Writing Fiction For Dummies
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To better understand a character’s history, or backstory, many fiction writers create entire histories for their characters. When developing a character for a story, determining the character’s personal history first is critical. You must understand where your character comes from, or you’ll never understand what your character wants or why he acts the way he does. And if you don’t know, neither will your readers.

You don’t have to figure out your character’s history all at once, but it helps to have a good idea of it before you sit down to write; otherwise, your character may end up changing halfway through writing, and you may end up having to rewrite your entire story — or end up with a story different from what you intended.

To set up your character’s history, just start writing — fast. Get it all down. It doesn’t have to be pretty. You can clean up the history later, but your character is spilling his guts for you now, so pay attention. Here are some tips on what to include:

  • Describe your character. What does he look like? Write down his birthday, eye color, hair color, and anything else that matters to you and possibly your reader.

  • Discuss your character’s early life. Where was your character born? Who are his parents (and grandparents if you know about them)? What are his first memories? What’s the worst thing that happened to him in kindergarten?

  • Write about the horrors of school. What was your character’s favorite subject, and what was his most hated? Did he do well in high school, or did he skate through? Was he a geek, a jock, a heart-throb, a nobody, or what? Did he date, and if so, what was she like? Did he dump her, did she dump him, or did they get married?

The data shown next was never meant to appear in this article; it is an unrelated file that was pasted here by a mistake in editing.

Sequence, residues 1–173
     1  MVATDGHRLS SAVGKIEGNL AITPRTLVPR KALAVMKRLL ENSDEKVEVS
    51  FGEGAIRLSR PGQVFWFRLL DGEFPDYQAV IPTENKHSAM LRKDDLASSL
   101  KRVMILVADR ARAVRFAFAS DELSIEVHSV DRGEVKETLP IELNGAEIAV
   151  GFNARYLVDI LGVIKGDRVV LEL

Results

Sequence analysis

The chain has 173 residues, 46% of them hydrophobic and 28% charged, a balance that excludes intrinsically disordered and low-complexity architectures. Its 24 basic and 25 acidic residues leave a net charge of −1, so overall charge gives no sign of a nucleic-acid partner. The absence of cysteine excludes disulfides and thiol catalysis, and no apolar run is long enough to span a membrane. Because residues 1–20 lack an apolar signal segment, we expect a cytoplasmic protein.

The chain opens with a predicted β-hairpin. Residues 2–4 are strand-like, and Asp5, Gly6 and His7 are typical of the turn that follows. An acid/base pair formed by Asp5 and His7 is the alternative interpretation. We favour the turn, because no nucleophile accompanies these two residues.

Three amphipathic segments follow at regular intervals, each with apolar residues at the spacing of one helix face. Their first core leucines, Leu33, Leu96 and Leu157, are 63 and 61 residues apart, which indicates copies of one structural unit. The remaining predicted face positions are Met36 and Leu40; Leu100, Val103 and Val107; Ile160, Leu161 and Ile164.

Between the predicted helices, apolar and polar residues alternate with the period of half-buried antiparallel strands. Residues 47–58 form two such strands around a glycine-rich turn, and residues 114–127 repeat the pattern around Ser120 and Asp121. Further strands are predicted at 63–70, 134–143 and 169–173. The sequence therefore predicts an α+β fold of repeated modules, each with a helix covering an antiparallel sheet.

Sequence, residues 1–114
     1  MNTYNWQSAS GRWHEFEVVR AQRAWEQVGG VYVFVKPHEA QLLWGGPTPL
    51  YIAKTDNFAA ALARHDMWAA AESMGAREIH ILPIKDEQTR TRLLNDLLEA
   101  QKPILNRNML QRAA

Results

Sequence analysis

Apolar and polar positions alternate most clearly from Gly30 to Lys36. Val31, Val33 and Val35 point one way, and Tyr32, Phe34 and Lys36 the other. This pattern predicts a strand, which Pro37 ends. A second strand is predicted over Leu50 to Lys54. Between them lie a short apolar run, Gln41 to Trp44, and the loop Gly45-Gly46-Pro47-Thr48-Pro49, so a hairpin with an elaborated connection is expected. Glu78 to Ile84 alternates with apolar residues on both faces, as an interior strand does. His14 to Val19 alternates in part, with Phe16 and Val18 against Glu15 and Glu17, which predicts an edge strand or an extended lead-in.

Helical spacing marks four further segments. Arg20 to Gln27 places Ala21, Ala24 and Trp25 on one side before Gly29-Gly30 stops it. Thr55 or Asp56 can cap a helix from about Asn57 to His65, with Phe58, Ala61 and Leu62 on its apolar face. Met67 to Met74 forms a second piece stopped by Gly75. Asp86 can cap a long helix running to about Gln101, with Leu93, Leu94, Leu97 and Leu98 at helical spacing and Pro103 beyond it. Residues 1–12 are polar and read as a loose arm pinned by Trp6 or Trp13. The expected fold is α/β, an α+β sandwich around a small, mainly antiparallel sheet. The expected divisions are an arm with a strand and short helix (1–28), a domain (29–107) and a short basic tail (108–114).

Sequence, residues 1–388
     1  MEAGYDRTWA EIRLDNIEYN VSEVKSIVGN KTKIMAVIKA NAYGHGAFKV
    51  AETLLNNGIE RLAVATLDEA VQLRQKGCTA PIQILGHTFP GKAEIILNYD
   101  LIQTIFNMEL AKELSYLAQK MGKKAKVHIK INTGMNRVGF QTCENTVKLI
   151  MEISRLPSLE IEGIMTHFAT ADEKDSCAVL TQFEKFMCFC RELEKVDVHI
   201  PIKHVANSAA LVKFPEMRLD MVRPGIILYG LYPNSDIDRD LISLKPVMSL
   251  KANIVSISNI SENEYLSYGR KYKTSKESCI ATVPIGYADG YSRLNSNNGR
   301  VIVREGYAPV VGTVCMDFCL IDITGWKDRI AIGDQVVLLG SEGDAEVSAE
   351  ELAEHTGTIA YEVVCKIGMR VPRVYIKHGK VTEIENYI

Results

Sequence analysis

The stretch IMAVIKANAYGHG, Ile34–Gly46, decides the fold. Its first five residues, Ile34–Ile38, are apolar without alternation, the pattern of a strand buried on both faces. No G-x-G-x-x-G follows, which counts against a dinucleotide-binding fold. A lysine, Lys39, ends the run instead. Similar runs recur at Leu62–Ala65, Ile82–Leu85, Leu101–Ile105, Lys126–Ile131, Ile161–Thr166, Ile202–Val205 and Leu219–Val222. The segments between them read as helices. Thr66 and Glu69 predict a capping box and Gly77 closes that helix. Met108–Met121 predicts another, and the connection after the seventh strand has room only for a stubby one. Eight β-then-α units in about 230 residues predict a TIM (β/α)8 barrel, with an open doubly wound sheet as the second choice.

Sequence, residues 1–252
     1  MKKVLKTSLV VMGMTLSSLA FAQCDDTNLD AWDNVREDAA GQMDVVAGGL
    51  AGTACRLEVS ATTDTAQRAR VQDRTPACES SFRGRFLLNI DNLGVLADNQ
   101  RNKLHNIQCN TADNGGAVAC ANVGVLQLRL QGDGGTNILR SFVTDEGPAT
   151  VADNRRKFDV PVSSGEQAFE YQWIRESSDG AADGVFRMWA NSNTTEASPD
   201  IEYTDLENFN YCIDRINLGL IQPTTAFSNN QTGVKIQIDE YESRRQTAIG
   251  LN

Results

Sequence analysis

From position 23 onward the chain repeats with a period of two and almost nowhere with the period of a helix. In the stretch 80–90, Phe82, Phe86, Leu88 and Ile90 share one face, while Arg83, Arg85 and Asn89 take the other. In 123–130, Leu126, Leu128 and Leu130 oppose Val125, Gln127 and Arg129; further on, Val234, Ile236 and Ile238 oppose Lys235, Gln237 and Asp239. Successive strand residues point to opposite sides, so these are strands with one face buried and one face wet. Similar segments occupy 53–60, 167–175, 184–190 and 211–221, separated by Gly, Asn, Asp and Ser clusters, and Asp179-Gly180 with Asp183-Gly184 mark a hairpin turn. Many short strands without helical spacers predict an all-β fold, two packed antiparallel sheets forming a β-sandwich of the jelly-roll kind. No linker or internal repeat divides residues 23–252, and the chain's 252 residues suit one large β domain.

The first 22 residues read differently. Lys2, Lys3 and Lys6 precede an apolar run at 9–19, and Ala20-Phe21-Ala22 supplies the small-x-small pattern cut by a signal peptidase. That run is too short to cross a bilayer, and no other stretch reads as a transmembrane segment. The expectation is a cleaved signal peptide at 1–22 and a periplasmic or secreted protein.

• Note what your character did as he came to adulthood. Get it all out: the good, the bad, and most especially the horrible. What traumatized him? Who were his friends and his family? Who were his enemies?

  • You may want to interview your character. Ask him what he’s learned. How does he see his current situation? Most importantly, what would he like to change about his life? What would he like to do but can’t? You need to know, because this sort of information determines what his future will look like.

A little goes a long, long way with your character’s history. In your story, dole out the character history in little snippets, leaving the reader curious, wanting to know more. It’s far better to have the reader want more history than to want less. If you throw too much history on the reader early in the book, you may smother the story.

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Randy Ingermanson is the award-winning author of six novels. He is known around the world as "the Snowflake Guy," thanks to his Web site article on the Snowflake method, which has been viewed more than a million times. Before venturing into fiction, Randy earned a Ph.D. in theoretical physics from the University of California at Berkeley. Randy has taught fiction at numerous writing conferences and sits on the advisory board of American Christian Fiction Writers. He also publishes the world’s largest e-zine on how to write fiction, The Advanced Fiction Writing E-zine. Randy’s first two novels won Christy awards, and his second novel Oxygen, coauthored with John B. Olson, earned a spot on the New York Public Library’s Books for the Teen Age list. Visit Randy’s personal Web site at www.ingermanson.com and his Web site for fiction writers at www.AdvancedFictionWriting.com.

Peter Economy of La Jolla, California, is a bestselling author with 11 For Dummies titles under his belt, including two second editions and one third edition. Peter is coauthor of Writing Children’s Books For Dummies, Home-Based Business For Dummies, Consulting For Dummies, Why Aren’t You Your Own Boss?, The Management Bible, and many more books. Peter also serves as Associate Editor of Leader to Leader, the Apex Award-winning journal of the Leader to Leader Institute. Check out Peter’s Web site at www.petereconomy.com.

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